Get The Lead Out

 Our entire focus every day is to provide safe drinking water. Water leaving our Forest Park Water treatment facility is always free of lead. To minimize the possiblity of lead dissolving into the water once it leaves our plant, we add orthophosphate during the treatment process. Orthophosphate forms a protective coating inside wataer pipes, service lines and your home's plumbing. This prevents water from coming in contact with the pipe material, reducing the likelihood of lead being dissolved into the water supply. In addition, keeping the water pH above 7 adds to controlling corrosion.

But public water systems and their customers share in the responsibility of reducing the potential of exposure to lead through drinking water.

What can I do to reduce my exposure to lead?

This short video gives you an overview of what's involved.

Locate Your Water Service Line

Your water service line brings water into your home from our water main in the street. Click here to download detailed instructions for finding your water service line. Service lines typically enter the home in the basement or crawl space.

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Once you've located your water service line, you may use one of our Lead Check test kits to see if it's made of lead. Click here to download instructions for conducting the test.

Because your water service line is on your property, you own it and are responsible for it.

lsl customer Do You Have Lead Pipes?

Check your water service line and your interior plumbing to determine what types of pipes you have in your home. You can also hire a certified plumber to inspect your plumbing or contact us to have one of our employees come out. Below are samples of the different types of pipe commonly used:

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Using a NWWA Lead Check Kit

If you'd like to test your water service line using one of our Lead Check test kits, you may pick up a kit at our office. Click here to download a copy of the testing instructions.

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Magnet and Penny Tests

You can also identify the type of material used for your service line and plumbing using a magnet and a penny.

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Have Your Water Tested

The presence of lead piping does not automatically mean there is lead in your water. If you have confirmed either lead pipes or lead solder in your home, contact us to have your water tested for the presence of lead. If you do not have lead components in your home, but would still like your water tested, we can provide you with a list of laboratories that would be able to assist you.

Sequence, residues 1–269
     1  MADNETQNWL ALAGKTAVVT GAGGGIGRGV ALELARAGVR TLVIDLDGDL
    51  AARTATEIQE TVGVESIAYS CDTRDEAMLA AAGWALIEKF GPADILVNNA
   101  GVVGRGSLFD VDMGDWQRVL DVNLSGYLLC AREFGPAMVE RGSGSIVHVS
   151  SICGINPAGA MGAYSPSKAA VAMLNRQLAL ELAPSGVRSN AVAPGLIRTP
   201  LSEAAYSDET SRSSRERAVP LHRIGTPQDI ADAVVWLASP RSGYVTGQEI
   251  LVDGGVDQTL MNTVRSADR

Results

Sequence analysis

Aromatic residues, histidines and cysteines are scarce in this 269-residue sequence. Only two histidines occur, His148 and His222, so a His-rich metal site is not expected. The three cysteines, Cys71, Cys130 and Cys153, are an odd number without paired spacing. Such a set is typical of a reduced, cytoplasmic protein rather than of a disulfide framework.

Also, be sure to sign up for our Lead and Copper Monitoring Program, which is free. Sign up here.

Next Steps

If your tap water tests positive for lead, here are a few easy steps you can take right now:

  • Use a Filter – Several types of inexpensive household water filters are effective at removing lead. Before purchasing, look for a certification from the NSF International that verifies the filter's ability to remove lead. It will usually be found on the packaging.
  • Run the Tap Before Use – Lead levels are likely at their highest when water has been sitting in the pipe for several hours. Clear this water from your pipes by running the cold water for several minutes, which allows you to draw fresh water from the main in the street. You can use this water on house plants or to flush toilets.
  • Use Cold Water for Cooking – Always cook and prepare baby formula with cold water, because hot water dissolves lead more quickly, resulting in higher levels in water.
  • Clean aerators – Aerators are small attachments at the tips of faucets which regulate the flow of water. They can accumulate small particles of lead in their screens. It's a good idea to remove your aerators at least monthly and clean them out. Click here for more detailed instructions.

Check out these additional resources for additional information about lead in homes.

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Get the Lead Out

The surest way to protect against lead in water is to get the lead out altogether. That means replacing lead service lines and replacing other plumbing that contains lead